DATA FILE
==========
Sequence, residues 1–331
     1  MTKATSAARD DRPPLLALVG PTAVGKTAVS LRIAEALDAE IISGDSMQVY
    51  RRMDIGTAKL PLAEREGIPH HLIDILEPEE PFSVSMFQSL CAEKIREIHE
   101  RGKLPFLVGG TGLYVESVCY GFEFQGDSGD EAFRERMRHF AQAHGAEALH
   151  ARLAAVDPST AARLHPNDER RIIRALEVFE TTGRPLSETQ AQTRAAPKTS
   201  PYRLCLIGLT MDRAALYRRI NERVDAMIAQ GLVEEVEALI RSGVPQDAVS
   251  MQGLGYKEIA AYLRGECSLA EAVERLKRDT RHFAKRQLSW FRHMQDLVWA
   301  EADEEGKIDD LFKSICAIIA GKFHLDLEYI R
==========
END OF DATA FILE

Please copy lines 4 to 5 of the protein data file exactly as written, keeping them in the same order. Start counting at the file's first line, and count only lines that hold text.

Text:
   101  RGKLPFLVGG TGLYVESVCY GFEFQGDSGD EAFRERMRHF AQAHGAEALH
   151  ARLAAVDPST AARLHPNDER RIIRALEVFE TTGRPLSETQ AQTRAAPKTS